So with all this already in the works Obama and his Democrats are ready to send the nation an all encompassing bill that will effectively take over the nation’s food production, processing and even distribution. Can you see it: any cities with a too active Tea Party Patriots movement might just find itself short on food deliveries until the population shapes up. A bit of “friendly starvation” or the modern day “siege”.
No need for catapults or battering rams, just misdirect the food delivery trucks for a few weeks and the starving population will beg the government to take over and regulate the flow of traffic and even those who can drive on our highways so that those food trucks can get to their city. That’s call two birds with one stone! BB
Below from American Thinker contributor Micheal Geer:
Detailed Concerns with S.510, the FDA Food Safety Modernization Act of 2010
Growing an Already Disjointed and Duplicative Federal Government
In 2008, GAO testified before a House subcommittee that “FDA is one of 15 agencies that collectively administer at least 30 laws related to food safety. This fragmentation is the key reason GAO added the federal oversight of food safety to its High-Risk Series in January 2007 and called for a government wide reexamination of the food safety system. We have reported on problems with this system-including inconsistent oversight, ineffective coordination, and inefficient use of resources.”
Specifically, GAO found that in 2003, FDA and USDA activities included overlapping and duplicative inspections of 1,451 domestic food-processing facilities that produce foods regulated by both agencies. This GAO testimony came on the heels of a 2005 GAO report that identified significant overlap in food safety activities conducted by USDA and the FDA, and to some extent the EPA and National Marine Fisheries Service (NMFS), including “71 interagency agreements [to coordinate overlapping activities] that the agencies entered into… However, the agencies have weak mechanisms for tracking these agreements that…lead to ineffective implementation.”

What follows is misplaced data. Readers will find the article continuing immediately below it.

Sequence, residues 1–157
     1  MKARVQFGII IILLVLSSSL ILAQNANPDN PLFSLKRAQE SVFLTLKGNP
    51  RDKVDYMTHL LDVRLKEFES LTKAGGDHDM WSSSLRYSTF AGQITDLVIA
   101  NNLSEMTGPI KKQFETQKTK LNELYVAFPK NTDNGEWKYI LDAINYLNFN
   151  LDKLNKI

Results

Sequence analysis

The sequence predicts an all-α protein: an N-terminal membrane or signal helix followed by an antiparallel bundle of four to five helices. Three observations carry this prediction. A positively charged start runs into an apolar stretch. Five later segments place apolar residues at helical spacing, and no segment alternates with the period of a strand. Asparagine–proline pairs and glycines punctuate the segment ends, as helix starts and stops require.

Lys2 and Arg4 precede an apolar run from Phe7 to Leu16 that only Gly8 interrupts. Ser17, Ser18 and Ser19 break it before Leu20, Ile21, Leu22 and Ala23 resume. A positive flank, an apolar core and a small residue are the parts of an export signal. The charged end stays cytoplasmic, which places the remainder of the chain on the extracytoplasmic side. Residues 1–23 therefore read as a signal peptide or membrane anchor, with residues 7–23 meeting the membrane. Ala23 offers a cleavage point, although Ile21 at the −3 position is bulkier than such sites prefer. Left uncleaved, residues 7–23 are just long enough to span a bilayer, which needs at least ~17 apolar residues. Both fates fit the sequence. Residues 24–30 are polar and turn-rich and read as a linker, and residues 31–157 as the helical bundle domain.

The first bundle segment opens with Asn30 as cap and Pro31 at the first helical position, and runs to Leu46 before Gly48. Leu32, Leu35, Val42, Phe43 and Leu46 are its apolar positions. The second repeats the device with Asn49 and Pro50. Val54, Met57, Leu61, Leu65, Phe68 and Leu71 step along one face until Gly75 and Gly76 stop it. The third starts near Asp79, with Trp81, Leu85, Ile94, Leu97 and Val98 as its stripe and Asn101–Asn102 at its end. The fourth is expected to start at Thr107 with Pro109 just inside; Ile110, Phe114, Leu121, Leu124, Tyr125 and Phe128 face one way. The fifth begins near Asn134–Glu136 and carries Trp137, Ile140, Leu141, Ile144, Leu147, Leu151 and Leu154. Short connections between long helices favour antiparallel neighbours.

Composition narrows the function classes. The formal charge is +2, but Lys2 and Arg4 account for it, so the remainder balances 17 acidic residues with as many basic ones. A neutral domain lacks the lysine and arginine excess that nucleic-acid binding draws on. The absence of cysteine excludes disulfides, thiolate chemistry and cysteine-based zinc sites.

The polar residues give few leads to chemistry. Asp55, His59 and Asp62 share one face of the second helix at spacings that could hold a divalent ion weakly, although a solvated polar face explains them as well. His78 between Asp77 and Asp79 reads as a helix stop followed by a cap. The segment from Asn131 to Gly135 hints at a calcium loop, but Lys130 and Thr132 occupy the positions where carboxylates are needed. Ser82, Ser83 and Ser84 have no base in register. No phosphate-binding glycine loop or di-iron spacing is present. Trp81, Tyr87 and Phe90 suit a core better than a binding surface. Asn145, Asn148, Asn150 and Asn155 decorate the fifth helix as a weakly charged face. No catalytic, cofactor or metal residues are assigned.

This overlap was evident in the egg salmonella scare. The Wall Street Journal reported (USDA Graders Saw Bugs and Trash at Egg Producer; Didn‘t Tell FDA) that U.S. Department of Agriculture experts knew about sanitary problems at one of the two Iowa farms at the center of a massive nationwide egg recall, but did not notify health authorities.) USDA inspects farms and gives eggs their “Grade A” label, while the FDA technically is tasked with the safety of the final egg product.
This discrepancy was the impetus behind an egg safety rule originally promulgated 10 years ago by the FDA. Unfortunately, three administrations sat on the proposed rule without finalizing and implementing it. FDA Commissioner Dr. Hamburg stated, “We believe that had these rules been in place at an earlier time, it would have very likely enabled us to identify the problems on this farm before this kind of outbreak occurred.” A lack of regulatory bill isn’t the problem.